the mechanism that operates upon and transforms symbolic data, whether by recombining it, performing arithmetic or binary calculation or moving data between different storage locations. As such code is operative and produces a result (sometimes after several sub-goals and tasks), often in an iterative process of loops and conditionals (Berry 2011, p. 52).

Digital code establishes a new order of things and processes via the recombination of data. This recombination of data is an important function in medicine. For instance, it allows a digital monitoring system (DMS) to define human health/illness after reading data.

The difficulties lie in how technology restricts the self-organizing of organisms.[11] As Kant supposes, we might expect from the organism what we might not expect from the watch. There is the self-organization of the organism in growth, regeneration, and reproduction. In contrast, technology cannot presuppose that an organism has its own form of self-organization. For instance, DMS can determine destroyed organs, but it cannot represent the teleological transference of a function of a destroyed organ to (an)other organ(s). As such, an organism is determined as abnormal because one organ is not able to fulfill its function, but in reality (an)other organ(s) fulfill(s) this function or process. While the DMS can determine an infected organism, it cannot reveal the protective functions taking place (Martynova and Bugaev 2019, p. 132).

As technology replaces human beings, as it observes and determines organisms by itself, we lose the first foundation of the teleological power of judgment. We do not witness organisms by themselves and so we no longer expect that they have the ability to self-organize. Instead, technology witnesses and determines the state of the organism. Such a decision is not based on a presupposition of what may occur according to natural purposes. As a result, digital devices restrict the human ability to make judgments about organic processes as purposes of nature.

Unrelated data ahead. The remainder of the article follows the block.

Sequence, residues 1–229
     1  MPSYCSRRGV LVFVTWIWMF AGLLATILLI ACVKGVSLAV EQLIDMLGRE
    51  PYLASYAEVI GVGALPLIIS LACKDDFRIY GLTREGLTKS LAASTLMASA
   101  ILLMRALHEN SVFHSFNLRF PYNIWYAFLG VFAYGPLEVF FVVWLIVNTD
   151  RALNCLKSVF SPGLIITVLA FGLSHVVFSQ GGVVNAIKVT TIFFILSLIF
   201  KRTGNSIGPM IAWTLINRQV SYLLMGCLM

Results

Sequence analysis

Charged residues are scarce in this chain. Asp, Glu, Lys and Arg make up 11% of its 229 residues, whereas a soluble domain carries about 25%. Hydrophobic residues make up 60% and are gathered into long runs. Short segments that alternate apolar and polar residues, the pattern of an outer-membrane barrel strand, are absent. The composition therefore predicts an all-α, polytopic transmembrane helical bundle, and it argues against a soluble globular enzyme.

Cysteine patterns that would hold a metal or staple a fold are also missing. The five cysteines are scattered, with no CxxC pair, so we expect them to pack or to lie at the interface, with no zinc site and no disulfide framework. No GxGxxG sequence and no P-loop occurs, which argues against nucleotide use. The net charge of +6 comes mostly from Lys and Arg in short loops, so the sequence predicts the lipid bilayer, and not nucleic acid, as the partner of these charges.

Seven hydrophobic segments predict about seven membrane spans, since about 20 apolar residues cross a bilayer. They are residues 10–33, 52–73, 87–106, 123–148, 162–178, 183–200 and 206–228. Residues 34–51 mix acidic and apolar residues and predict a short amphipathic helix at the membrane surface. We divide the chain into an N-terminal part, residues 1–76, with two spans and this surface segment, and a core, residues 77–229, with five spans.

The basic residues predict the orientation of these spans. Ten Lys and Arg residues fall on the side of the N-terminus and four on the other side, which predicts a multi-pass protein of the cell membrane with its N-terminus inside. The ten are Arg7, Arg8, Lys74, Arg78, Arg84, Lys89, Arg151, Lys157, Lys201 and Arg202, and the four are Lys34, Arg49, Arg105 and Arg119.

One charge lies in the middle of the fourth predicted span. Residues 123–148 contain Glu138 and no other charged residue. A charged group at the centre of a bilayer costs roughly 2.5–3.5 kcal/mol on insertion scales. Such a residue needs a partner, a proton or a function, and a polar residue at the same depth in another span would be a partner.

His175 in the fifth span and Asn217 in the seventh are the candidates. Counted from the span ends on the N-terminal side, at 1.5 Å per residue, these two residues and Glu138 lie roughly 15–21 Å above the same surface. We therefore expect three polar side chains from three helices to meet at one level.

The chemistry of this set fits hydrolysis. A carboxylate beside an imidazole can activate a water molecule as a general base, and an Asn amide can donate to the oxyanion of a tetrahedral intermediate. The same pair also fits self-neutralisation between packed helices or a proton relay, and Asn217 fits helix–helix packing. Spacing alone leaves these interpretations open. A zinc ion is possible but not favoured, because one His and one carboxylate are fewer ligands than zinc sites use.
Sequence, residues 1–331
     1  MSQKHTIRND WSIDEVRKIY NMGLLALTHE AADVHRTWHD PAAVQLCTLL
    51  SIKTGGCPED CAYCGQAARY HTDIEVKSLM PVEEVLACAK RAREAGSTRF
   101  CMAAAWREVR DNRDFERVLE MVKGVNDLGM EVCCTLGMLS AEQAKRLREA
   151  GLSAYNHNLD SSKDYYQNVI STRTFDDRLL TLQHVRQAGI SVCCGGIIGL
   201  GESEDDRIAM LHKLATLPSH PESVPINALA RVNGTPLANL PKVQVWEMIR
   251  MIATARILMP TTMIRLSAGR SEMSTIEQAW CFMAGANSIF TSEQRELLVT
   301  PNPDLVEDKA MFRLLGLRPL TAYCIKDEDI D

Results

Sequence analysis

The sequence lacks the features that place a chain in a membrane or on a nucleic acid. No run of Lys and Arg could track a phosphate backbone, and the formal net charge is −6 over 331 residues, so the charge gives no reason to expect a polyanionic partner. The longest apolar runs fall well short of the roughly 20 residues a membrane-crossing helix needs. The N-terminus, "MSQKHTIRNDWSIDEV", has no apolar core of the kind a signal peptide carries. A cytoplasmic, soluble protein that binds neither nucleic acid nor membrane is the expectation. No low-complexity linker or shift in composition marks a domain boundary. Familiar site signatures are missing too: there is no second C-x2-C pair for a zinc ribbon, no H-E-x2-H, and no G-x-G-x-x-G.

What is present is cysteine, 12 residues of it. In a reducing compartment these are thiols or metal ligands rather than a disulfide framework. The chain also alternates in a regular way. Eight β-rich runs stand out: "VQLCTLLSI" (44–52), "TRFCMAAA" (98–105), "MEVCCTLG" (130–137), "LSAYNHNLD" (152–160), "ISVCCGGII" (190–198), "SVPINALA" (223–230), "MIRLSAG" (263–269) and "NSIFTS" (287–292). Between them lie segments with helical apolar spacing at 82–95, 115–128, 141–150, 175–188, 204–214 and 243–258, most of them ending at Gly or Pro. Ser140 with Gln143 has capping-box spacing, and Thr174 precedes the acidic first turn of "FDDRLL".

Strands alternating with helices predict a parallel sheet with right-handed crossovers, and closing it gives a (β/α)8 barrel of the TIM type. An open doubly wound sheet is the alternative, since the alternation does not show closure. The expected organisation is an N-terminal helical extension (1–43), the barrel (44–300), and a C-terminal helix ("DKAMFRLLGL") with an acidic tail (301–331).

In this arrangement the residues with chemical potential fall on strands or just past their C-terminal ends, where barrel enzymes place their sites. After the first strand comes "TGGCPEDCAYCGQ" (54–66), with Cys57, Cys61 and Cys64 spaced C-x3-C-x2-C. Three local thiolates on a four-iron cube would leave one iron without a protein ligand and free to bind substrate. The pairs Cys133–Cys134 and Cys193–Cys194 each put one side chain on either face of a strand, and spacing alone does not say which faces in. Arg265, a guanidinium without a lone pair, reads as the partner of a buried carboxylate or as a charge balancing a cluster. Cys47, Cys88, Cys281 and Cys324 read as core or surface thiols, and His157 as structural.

What about the autonomy of will as the foundation of the teleological power of judgment? Well, according to Kant, a man loses his autonomy when he is determined by nature. Nowadays, we might also speak of the weakness of a man who is determined by his feelings, fears, genes, and so on (nature in general). However, the problem is also man’s determination by technology. In 1978, Langdon Winner argued that a man could not use technology as he pleases: “He must see to it that the appropriate operating procedures and techniques are followed and that all of the material conditions for operation are met”. The author concludes that in the contemporary world, we have a “technological version of Kantian heteronomy – the governance of human activity by external rules or conditions” (Winner 1978, p. 198).